• High success rates: Implants have a long history of being one of the most effective methods for replacing missing teeth. Researchers found that implants had a success rate of 98% over five years in a 2018 study. The patient satisfaction rate was 98%.
  • Better ability to bite and chew. It is difficult to chew food properly when teeth have to be pulled because of decay, gum disease or trauma. Implant-supported bridges, crowns, and dentures are available to restore this ability.
  • Improved facial tissues and bone support: Natural natural teeth provide support for the cheeks, facial muscles, and upper and lower jawbones. This support is lost when teeth have to be pulled. The cheeks and facial muscles then begin to sag. Implant-supported bridges or crowns can be used to replace those teeth. This restores facial tone and firmness, and protects tissue and bone from premature aging and sagging.
  • It’s easy to clean a tooth that has been replaced with an implant or crown. You can clean between and around the teeth with a toothbrush and dental floss.
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Dental implants can pose risks

Although surgery to place an implant can be completed in just one visit, sufficient healing may take weeks to allow for the final cementing of the implant-supported restoration. Implants have this disadvantage in comparison to fixed bridges that can be completed in two visits, approximately one week apart.

Implants offer many benefits, and are often the best option to replace missing teeth. They are not for everyone. Before you consider dental implants, here are some possible side effects and risks.

  • Implant integration may be difficult for patients with weak jawbones or chronic gum disease. Patients who had to have bone grafts done or have narrow ridges and patients who smoke may have difficulty with healing after surgery.
  • Broken or loose implants: Implants can become loose or broken from the pressure of biting or chewing, and over time, motions like chewing or eating can cause them to break. Your dentist can tighten loose attachments or abutments during routine visits if they are not tightened properly. Your dentist may have to remove the implant if the jawbone fails to fully integrate. In this case, a bone graft can be performed.
  • Broken Framework: Subperiosteal Implant Designs include implants that are connected under the gums using connector rods known as the framework. Broken frameworks are similar to loose or broken screws. A subperiosteal Implant may require additional surgery to fix or replace the framework.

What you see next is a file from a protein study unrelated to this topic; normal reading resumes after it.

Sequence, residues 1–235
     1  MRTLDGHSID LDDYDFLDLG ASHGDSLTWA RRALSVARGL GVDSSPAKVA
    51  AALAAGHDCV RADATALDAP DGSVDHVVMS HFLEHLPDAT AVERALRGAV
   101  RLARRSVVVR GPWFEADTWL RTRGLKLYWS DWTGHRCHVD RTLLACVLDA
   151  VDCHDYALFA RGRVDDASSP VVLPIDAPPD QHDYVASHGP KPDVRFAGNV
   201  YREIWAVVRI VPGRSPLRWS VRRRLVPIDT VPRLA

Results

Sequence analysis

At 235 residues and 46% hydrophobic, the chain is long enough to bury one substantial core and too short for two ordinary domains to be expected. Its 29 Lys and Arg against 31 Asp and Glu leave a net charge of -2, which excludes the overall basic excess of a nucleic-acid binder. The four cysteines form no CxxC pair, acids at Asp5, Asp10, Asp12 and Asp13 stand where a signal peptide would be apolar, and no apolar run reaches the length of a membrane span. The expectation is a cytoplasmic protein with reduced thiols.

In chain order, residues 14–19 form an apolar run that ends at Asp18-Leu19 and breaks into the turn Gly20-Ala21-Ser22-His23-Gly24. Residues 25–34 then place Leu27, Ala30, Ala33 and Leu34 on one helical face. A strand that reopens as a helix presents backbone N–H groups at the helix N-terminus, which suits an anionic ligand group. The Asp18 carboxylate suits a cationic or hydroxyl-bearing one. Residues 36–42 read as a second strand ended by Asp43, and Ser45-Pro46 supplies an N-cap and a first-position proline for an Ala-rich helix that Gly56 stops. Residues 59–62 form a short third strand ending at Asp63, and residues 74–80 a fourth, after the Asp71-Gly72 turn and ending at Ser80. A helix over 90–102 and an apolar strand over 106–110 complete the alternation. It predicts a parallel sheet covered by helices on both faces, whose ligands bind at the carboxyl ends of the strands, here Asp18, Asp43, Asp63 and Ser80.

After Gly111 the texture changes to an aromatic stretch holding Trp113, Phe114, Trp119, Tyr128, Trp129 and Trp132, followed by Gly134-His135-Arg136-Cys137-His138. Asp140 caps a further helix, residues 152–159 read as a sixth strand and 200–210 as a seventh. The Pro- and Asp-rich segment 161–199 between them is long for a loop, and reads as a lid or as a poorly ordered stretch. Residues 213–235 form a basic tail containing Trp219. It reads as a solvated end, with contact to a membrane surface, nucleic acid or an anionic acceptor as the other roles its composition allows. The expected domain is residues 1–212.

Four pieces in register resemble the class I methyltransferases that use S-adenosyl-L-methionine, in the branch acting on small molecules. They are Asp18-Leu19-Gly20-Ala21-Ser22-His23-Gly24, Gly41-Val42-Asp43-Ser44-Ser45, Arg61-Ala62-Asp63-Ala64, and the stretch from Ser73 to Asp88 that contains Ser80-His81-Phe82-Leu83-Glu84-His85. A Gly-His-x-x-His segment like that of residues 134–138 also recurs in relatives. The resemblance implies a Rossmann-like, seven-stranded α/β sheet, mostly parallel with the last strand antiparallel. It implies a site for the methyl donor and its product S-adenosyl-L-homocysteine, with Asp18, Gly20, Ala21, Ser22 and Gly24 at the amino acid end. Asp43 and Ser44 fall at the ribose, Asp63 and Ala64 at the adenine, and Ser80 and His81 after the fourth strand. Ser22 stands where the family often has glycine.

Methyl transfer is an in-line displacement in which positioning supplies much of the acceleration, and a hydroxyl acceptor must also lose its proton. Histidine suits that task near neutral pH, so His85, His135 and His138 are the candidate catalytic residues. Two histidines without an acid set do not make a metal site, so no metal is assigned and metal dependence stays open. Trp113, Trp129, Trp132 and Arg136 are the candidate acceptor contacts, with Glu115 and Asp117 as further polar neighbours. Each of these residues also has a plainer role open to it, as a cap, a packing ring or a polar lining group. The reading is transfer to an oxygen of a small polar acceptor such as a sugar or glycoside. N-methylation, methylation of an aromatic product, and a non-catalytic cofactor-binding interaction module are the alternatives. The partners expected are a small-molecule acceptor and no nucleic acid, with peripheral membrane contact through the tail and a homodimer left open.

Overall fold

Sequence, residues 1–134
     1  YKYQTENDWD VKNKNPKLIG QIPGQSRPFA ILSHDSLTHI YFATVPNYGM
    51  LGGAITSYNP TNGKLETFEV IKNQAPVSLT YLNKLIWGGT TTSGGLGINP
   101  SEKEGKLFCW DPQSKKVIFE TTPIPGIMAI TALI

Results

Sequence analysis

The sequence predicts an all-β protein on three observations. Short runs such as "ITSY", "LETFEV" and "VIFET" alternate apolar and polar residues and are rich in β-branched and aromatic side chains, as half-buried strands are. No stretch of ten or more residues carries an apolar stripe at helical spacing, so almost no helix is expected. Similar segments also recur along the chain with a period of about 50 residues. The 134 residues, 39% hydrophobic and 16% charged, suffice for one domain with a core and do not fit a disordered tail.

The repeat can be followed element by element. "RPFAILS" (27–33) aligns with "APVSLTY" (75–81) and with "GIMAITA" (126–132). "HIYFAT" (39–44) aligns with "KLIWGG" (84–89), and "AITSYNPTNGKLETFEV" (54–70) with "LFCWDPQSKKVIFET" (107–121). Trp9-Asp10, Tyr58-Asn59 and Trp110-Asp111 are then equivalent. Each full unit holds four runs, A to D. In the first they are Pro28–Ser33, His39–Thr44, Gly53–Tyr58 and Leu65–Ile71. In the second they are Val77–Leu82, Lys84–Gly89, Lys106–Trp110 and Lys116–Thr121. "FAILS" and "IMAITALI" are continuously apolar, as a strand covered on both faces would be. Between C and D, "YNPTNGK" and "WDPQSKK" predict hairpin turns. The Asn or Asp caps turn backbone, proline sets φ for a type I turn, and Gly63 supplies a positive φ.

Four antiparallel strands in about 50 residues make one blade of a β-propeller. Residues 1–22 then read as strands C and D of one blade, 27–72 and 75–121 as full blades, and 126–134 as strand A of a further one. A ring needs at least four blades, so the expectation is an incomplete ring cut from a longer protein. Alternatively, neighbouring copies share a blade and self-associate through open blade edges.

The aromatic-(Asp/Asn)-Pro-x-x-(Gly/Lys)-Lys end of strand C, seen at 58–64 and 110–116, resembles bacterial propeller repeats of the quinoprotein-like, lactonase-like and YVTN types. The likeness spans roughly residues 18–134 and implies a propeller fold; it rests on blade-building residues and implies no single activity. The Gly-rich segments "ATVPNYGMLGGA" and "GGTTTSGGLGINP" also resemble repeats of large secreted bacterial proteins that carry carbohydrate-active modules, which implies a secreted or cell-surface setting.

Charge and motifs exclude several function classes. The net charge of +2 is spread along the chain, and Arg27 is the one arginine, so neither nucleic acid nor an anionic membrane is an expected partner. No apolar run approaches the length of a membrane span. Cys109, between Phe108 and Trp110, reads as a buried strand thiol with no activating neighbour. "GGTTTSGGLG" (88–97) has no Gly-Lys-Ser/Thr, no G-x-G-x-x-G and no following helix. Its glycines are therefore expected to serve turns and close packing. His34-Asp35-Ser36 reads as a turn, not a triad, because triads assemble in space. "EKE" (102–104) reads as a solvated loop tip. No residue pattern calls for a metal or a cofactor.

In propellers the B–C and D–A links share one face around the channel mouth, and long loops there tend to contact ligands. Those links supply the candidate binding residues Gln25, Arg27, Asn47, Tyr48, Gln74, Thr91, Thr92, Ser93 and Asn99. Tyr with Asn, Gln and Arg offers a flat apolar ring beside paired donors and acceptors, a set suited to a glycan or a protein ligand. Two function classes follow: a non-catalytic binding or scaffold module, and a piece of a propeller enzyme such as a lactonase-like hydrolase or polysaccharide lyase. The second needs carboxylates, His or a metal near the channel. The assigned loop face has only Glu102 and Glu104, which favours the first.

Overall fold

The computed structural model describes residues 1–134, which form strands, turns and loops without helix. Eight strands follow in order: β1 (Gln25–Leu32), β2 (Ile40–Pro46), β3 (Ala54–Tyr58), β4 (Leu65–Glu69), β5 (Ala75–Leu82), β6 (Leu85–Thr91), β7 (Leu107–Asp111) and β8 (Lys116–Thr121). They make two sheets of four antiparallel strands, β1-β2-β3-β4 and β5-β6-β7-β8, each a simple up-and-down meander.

• You can recement the crown if the cement that holds the crown to the implant is loosening from the pressures of biting and chewing. This is quite common and will not result in the need to replace the entire implant.
  • A shift in your bite: An implant that isn’t perfectly aligned with your teeth can cause your bite shifting, which can lead to discomfort. You may feel pain when you bite. You can often fix this problem by simply changing your bite.
  • Broken or chipped porcelain coating: The white coating of a crown or bridge that is covered by porcelain can crack or chip during normal chewing. It is often a cosmetic issue that can be easily fixed.
  • Jaw pain after surgery: The aching or soreness of the jaw after an implant is installed usually disappears once the site has healed and settled. Some people still experience intermittent jaw pain. Your dentist might be able to help if the pain persists after you have tried all other medications.
  • Cost: Although the cost of implants is a concern, there are many ways to get financial assistance. Many dental insurance plans can help cover the costs.
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Are dental implants right for you?

Do your research about dental implants and make an appointment with your dentist to schedule a consultation. Your dentist will be able to help you determine if implants are right for you.

You might also want to review your dental insurance coverage to determine if you are covered for implants. This information can help you and the dentist decide if implant is a good option.


For your convenience, we provide links to other sites for you to locate related information and services. Guardian, its agents, employees, and subsidiaries expressly disclaim all responsibility for, and are not responsible for, third-party websites, organizations, products or services. They also do not recommend or endorse any of these sites.

This information is provided by Guardian Life Insurance Company of America (Guardian), New York. The information provided is for illustration purposes only. It is not intended to be used as legal, investment, tax or medical advice. This information is not intended to replace regular consultations with your dentist. Please contact your dentist if you have questions about your oral health.